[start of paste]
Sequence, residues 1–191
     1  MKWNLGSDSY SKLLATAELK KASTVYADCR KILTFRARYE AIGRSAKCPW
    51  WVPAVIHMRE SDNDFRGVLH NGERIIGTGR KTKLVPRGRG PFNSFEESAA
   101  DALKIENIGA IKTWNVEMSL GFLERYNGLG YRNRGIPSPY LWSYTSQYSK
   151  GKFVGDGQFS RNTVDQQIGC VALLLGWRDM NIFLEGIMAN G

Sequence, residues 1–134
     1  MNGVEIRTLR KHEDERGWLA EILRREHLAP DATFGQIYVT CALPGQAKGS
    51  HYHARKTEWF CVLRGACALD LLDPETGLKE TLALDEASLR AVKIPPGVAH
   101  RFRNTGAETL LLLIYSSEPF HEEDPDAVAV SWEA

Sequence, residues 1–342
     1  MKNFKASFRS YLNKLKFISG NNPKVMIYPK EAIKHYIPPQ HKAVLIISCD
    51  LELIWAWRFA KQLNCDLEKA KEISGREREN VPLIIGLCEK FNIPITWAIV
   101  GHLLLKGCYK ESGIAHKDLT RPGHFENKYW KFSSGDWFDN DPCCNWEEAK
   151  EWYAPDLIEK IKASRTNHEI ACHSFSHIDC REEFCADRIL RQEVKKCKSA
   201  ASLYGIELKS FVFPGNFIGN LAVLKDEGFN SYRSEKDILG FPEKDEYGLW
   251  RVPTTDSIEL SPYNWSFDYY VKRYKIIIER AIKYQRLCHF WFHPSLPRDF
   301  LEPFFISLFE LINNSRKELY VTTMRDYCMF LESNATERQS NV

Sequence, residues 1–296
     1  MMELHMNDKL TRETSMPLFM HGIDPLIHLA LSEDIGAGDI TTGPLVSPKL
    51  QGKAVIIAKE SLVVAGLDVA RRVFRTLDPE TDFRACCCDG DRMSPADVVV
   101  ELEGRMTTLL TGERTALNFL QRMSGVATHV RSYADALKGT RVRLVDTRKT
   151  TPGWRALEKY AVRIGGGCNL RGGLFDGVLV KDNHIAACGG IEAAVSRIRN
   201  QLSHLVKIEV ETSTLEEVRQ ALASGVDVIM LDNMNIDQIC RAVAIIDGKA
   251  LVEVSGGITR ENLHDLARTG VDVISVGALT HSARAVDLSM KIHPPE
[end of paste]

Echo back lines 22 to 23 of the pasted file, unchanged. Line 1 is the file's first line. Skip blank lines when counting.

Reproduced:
   151  TPGWRALEKY AVRIGGGCNL RGGLFDGVLV KDNHIAACGG IEAAVSRIRN
   201  QLSHLVKIEV ETSTLEEVRQ ALASGVDVIM LDNMNIDQIC RAVAIIDGKA